Predicting Antarctic suitability of the world's worst terrestrial invaders

Climatic barriers protecting the Antarctic region from invasions may be thing of the past

Data resources used via GBIF : 2,329,509 species occurrences
Red fox (Vulpes vulpes), listed on the 100 World's Worst Invasive Alien Species list. Photo by Per Hansen–via the Norwegian Species Observation Service–licensed under CC BY 4.0.

Due to its geographic isolation and climate, the Antartic region has been somewhat protected from biological invasions, however, with warming climates and increased human traffic, the protection afforded the region may be diminishing.

In a new study, researchers used species distribution modelling to assess the likelihood of establishment of the world's worst–according to IUCN–terrestrial invaders supplemented by cold-tolerant non-native species already known to occur in the Antarctic region.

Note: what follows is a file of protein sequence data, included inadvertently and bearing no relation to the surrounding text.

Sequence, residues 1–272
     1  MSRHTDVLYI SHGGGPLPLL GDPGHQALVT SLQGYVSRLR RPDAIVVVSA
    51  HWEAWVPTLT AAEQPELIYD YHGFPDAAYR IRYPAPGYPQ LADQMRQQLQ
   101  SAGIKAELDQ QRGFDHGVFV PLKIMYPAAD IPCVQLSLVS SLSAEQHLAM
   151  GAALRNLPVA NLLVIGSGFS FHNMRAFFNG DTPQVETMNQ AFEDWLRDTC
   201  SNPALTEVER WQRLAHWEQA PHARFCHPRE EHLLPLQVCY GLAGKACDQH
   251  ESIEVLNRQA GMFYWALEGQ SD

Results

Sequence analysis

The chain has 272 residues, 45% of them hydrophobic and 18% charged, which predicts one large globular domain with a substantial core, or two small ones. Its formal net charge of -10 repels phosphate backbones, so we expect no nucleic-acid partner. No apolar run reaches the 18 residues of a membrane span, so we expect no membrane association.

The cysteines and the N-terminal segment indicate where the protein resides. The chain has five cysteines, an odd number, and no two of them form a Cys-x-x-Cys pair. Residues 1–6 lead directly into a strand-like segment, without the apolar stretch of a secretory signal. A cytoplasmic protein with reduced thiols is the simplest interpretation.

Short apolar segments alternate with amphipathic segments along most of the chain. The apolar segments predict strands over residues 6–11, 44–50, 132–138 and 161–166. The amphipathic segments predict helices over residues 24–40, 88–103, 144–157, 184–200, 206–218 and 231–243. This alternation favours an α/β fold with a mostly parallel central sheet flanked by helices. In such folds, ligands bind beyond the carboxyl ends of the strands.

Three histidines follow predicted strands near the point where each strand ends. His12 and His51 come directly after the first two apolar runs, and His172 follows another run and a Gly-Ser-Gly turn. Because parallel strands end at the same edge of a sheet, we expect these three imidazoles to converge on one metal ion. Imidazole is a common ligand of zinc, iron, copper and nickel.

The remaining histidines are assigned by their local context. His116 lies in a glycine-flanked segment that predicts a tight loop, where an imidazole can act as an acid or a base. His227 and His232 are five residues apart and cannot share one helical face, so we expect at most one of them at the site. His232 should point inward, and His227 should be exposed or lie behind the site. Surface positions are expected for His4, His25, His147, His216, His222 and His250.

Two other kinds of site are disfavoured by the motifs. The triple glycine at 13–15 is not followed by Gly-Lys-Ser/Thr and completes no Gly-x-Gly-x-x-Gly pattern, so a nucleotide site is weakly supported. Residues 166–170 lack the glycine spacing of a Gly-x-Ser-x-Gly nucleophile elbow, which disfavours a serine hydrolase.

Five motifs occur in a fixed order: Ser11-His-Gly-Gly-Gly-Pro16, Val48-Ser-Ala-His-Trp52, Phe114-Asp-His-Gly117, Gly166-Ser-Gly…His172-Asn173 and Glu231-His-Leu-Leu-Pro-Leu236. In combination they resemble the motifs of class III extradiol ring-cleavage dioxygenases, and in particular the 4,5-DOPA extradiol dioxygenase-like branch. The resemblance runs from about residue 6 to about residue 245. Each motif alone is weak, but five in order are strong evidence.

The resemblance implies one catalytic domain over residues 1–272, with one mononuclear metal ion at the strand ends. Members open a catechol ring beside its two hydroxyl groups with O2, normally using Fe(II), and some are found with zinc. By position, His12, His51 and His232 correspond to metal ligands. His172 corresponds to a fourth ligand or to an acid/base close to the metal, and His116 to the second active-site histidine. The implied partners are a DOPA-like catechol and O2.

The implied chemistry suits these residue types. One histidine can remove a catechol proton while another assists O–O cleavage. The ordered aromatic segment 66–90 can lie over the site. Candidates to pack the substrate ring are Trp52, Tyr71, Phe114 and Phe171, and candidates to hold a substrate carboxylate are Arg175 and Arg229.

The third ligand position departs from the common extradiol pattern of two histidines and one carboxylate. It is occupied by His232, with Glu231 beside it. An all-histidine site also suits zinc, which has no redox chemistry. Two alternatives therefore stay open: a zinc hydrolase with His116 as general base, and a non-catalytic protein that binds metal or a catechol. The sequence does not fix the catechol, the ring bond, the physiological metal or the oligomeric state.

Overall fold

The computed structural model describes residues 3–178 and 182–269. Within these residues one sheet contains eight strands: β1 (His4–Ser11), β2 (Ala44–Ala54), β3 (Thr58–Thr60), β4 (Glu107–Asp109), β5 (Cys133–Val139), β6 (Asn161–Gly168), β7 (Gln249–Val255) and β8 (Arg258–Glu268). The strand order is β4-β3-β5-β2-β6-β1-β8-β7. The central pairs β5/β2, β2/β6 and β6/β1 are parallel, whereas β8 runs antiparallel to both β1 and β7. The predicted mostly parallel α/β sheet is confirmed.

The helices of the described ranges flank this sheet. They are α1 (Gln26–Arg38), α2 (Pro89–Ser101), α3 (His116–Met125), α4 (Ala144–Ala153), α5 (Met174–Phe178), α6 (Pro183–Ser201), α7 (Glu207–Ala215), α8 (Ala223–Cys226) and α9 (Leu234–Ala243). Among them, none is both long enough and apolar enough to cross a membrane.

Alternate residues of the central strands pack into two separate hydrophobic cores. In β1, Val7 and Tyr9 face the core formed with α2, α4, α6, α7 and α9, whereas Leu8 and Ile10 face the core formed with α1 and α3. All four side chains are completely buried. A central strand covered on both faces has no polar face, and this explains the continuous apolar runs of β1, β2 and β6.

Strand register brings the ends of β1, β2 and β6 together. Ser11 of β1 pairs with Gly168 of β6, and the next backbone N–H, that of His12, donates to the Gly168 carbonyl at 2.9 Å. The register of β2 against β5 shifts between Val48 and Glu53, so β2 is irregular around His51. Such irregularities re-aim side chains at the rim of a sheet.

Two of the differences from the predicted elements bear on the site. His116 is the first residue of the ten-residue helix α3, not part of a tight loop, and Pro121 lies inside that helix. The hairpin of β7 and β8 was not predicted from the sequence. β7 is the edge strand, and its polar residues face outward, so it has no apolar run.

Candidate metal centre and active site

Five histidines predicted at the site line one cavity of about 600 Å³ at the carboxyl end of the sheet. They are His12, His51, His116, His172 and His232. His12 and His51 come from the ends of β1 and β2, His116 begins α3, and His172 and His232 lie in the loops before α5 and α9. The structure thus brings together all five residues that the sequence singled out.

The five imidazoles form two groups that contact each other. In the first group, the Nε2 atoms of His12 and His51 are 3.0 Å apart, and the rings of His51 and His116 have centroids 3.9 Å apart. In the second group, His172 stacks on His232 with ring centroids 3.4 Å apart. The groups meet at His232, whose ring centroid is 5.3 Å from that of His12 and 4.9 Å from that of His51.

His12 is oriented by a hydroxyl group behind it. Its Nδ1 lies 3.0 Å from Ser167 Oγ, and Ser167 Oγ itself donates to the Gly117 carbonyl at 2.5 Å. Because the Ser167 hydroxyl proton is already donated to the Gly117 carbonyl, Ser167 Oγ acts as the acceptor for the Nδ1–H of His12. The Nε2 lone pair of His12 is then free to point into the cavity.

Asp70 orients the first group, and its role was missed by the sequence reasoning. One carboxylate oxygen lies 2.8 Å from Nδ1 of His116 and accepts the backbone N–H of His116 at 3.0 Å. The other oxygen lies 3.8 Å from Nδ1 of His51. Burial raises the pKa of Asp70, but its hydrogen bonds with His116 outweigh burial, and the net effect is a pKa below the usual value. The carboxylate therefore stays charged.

Using ten different modelling methodologies, the authors created robust ensemble models based on GBIF-mediated occurrences and current climate data with projections for 2050 and 2100. They created a summed map from which they found the Antarctic continent unsuitable for all tested species under current conditions, however, within the next century the Antarctic peninsula may become suitable for six species.

While the continent may still be protected, the models showed that all but one of the Southern Ocean islands are currently suitable to multiple species. The islands of Auckland and Campbell, in particular, show suitability for a high number of species, but for all islands suitability is predicted to increase by 2100.

Link to original article

Duffy GA, Coetzee BWT, Latombe G, Akerman AH, McGeoch MA and Chown SL (2017) Barriers to globally invasive species are weakening across the Antarctic. Diversity and Distributions. Wiley 23(9): 982–996. Available at: